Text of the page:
Fighting blizzards and barkeeps
We all know what it’s like to be caught in a white-out on the highway. The roadside markers disappear into whirling snow. We can’t see the center line, other cars nor even the hood of our own. This, minus the warm, enclosed vehicle with food and water aboard if we’ve planned well, is what early travelers in Wyoming faced in fall, winter and spring. Sometimes they were horseback, or in a wagon or even on foot.
One such hardy settler was Minnie Fenwick, a Congregational circuit rider serving the small town of Burns and surrounding communities in Wyoming’s southeast corner, in the early 1900s. In a blinding storm, Fenwick once walked the three miles from Burns to her family homestead because the weather was so bad that the town stable keeper wouldn’t hire her a horse. Her skirts, long and thick, can’t have been easy to walk in while clambering over snowdrifts.
On another occasion, while attempting to reach a wedding at which she was to officiate, Fenwick was stranded, unsheltered, in another snowstorm, waiting for her wagon driver to return from a nearby homestead with fresh horses. It was dark, and they nearly got lost because all the fences and other landmarks were drifted over.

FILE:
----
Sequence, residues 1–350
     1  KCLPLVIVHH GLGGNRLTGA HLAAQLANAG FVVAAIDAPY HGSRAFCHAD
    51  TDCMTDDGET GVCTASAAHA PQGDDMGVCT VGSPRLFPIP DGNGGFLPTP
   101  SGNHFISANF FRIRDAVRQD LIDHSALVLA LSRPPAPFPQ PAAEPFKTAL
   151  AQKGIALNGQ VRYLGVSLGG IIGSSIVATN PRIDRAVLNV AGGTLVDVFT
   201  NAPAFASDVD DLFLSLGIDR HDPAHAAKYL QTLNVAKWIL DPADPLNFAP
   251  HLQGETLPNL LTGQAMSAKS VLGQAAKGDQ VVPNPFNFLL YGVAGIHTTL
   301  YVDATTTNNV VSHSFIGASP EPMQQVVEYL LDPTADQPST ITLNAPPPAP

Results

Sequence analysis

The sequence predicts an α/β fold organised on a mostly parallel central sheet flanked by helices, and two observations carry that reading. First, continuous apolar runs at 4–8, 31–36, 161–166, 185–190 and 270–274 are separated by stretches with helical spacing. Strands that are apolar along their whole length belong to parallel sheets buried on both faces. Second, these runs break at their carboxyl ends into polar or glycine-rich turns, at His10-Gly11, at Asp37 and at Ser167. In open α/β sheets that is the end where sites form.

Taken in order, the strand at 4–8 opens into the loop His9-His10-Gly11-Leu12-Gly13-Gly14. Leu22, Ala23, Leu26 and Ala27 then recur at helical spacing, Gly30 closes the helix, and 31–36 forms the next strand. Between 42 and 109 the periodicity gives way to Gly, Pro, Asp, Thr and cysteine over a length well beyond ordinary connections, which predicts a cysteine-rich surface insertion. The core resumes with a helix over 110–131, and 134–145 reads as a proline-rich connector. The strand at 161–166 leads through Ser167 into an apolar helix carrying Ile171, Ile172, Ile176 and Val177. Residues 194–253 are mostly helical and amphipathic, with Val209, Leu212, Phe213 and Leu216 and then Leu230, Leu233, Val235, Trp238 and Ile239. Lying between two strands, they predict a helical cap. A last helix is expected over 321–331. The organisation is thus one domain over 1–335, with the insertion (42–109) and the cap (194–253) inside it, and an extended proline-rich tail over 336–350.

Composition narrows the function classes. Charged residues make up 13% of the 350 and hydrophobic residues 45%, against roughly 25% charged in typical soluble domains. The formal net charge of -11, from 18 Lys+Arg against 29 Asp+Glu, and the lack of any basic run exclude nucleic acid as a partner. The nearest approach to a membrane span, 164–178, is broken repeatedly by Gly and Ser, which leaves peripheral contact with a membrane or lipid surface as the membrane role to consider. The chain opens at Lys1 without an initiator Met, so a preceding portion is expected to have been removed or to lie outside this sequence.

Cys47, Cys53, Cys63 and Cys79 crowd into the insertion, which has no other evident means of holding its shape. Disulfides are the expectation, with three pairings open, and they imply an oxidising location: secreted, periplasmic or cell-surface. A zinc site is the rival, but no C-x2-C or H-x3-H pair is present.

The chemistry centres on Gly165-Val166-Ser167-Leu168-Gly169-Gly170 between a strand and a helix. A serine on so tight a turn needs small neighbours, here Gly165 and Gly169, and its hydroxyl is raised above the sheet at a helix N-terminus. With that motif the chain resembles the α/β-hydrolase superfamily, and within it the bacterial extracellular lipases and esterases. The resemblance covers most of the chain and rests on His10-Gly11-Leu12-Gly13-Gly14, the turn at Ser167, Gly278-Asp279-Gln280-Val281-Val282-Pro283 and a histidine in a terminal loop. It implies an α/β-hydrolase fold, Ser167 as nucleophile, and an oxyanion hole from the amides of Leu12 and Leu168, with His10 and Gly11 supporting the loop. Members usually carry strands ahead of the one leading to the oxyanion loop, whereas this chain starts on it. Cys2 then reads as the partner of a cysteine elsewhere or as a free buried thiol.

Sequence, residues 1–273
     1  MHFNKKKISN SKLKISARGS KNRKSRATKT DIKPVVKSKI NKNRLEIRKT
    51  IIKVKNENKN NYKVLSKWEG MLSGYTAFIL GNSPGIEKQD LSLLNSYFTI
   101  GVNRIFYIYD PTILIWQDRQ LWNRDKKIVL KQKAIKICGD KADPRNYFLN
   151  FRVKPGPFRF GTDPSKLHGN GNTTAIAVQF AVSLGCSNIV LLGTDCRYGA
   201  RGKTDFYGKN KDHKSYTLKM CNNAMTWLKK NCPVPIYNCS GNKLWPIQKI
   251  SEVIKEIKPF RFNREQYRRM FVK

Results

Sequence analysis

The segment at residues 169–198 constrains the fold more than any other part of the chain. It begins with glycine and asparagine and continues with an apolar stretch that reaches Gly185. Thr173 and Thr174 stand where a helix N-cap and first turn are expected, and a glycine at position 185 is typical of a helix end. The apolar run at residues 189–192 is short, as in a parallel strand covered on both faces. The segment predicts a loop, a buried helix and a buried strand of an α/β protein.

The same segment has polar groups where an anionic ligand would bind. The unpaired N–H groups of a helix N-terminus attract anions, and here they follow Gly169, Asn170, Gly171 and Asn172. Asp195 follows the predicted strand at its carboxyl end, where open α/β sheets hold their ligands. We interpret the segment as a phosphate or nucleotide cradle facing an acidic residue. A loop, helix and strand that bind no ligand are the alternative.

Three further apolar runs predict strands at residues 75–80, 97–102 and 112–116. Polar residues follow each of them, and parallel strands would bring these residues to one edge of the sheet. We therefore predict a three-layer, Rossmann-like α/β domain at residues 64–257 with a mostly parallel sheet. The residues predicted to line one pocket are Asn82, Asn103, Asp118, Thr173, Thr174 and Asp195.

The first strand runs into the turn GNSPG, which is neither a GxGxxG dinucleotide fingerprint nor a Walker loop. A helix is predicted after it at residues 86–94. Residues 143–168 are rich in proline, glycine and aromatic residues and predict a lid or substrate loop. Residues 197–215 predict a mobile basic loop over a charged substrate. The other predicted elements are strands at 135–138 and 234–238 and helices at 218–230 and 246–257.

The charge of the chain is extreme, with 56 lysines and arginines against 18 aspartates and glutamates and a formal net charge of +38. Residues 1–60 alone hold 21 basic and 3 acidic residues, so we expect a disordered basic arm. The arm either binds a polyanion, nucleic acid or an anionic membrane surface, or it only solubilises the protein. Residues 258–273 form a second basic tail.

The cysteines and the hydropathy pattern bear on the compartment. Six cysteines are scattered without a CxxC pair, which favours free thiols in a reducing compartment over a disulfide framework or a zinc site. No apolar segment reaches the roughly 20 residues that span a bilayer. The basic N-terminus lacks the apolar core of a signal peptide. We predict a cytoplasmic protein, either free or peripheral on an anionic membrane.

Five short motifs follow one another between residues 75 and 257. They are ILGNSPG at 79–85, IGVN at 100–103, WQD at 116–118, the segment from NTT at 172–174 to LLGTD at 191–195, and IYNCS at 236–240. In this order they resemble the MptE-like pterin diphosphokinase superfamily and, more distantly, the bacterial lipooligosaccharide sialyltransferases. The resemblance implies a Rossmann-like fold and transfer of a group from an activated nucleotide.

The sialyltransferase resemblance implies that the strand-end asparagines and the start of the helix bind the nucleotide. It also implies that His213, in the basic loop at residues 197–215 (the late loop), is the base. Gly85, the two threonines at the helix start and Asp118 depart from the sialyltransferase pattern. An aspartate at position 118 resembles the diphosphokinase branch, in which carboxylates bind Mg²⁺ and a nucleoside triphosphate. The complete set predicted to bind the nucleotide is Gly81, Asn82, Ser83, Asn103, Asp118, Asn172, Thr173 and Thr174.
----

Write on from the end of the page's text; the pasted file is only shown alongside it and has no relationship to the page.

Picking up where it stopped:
Fenwick was a fighter; her cause, prohibition. A longtime member and officer of the Wyoming Woman’s Christian Temperance Union, she traveled throughout the state, promoting the organization. Dogmatic and outspoken, she stood with the wives and children of alcohol abusers who drank up the grocery money.
In 1928, when prohibition was law, she appealed to the people of Sheridan after receiving a call for help from a resident. This woman’s letter, and Fenwick’s reply, were published in the Aug. 22, 1928, Sheridan Journal. “Have you no pity for a poor weak woman who must see her husband come home to her drunk?” Fenwick wrote. “The saloon keepers never did hear the cry of little children and poor broken-hearted wives. They never cared for little helpless half-starved babies. … In a christian country like ours, how can anyone vote for a man who wants just such conditions to exist everywhere[?]”
The Wyoming press reported widely on Fenwick’s activities during the 1928 Al Smith-Herbert Hoover presidential race. Former Wyoming Gov. Nellie Tayloe Ross, campaigning for “wet” candidate Smith, was also in the papers that fall, and Fenwick repudiated her. You can read more in our recent article Minnie Fenwick, Nellie Tayloe Ross and the Presidential Campaign of 1928.
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